At the farthest extreme of Murphy’s Law is suggests that there is no such thing as the perfect presentation. This is true. No presentation is delivered without problems. That does not devalue the presentation as its value is not measured against a plan but in the reception by the audience. This should be the encouragement to all presenters as they plan the presentation and prepare for any eventualities that may derail them. A problem should not ruin a presentation; it may even be perceived as showing added value by the recovery.
Considering the multitude of problems that might occur one should make reasonable preparation for the most likely and for the most significant. Issues of format including page size, incompatible software and programmes, fonts, videos and even colours should be excluded in the pre-presentation workup. Device incompatibility and connectivity similarly should be excluded early on the day of the event by personally running the whole piece through in the auditorium during a break before the appointed session. Technology itself from polling devices even to the battery in the remote control should all be checked. Improve and maximise the environment to manage lighting and back projection, appropriate microphones and stage movement as well as extraneous debris that previous speakers or events may have left. Ensure everything is in place before the stage is taken.
Once on stage however there are still opportunities for Murphy to appear. Projector issues should be overcome by simply closing the programme and continuing. Or asking for a delayed slot. Microphone and sound issues are the role of AV/IT but it is possible to speak slowly and clearly and project to a large room. Previous speakers over running cannot be prevented but it is essential to have clarity from the organisers when following regarding your timing. Do not be distracted by audience movement, reaction or even paucity of numbers. Most of these situations are not about you but to external factors. Do not be put off.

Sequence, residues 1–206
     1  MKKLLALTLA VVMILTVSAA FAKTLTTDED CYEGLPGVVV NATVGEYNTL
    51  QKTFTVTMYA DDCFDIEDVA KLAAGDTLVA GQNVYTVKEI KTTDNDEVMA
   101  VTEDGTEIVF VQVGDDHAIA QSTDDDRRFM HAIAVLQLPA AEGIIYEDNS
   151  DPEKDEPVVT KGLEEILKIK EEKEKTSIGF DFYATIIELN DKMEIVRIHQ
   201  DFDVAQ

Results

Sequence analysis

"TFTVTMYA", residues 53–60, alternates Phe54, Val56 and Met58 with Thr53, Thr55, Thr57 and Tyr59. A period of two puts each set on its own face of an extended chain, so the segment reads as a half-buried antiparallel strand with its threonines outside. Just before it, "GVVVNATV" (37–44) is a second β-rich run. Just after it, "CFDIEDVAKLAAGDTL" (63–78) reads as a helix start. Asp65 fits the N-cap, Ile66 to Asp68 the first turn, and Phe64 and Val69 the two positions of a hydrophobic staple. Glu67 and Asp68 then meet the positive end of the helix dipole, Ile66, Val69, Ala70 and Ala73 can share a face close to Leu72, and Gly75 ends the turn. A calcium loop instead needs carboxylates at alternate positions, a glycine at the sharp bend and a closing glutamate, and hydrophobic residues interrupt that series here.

Many problems can arise. This is Murphy’s Law. Keep calm and carry on. Practice and preparation are The Good Presenter’s defence against the majority of problems and the audience reaction and reception is only based on what is delivered, not what might have been.
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Polished performers are the best examples to observe in order to improve presentations. Two such polished performers are Vic Brazil and Anand Swaminathan. They can be heard over at feminem.com discussing lots of presentation tips but with a particular focus on women presenting. Whoever you are, there’s loads to learn from their chat.
Some of the tips-
be yourself, the audience really value that
present the image of yourself you want the audience to have
ensure you are introduced in the way you would like to be
be aware and determine your body language
clothing is a risk management issue- feel good but don’t add risk!
microphones pose problems that need addressing before you take the stage
shoes should be “sharp” but not dangerous
practise, practise, practise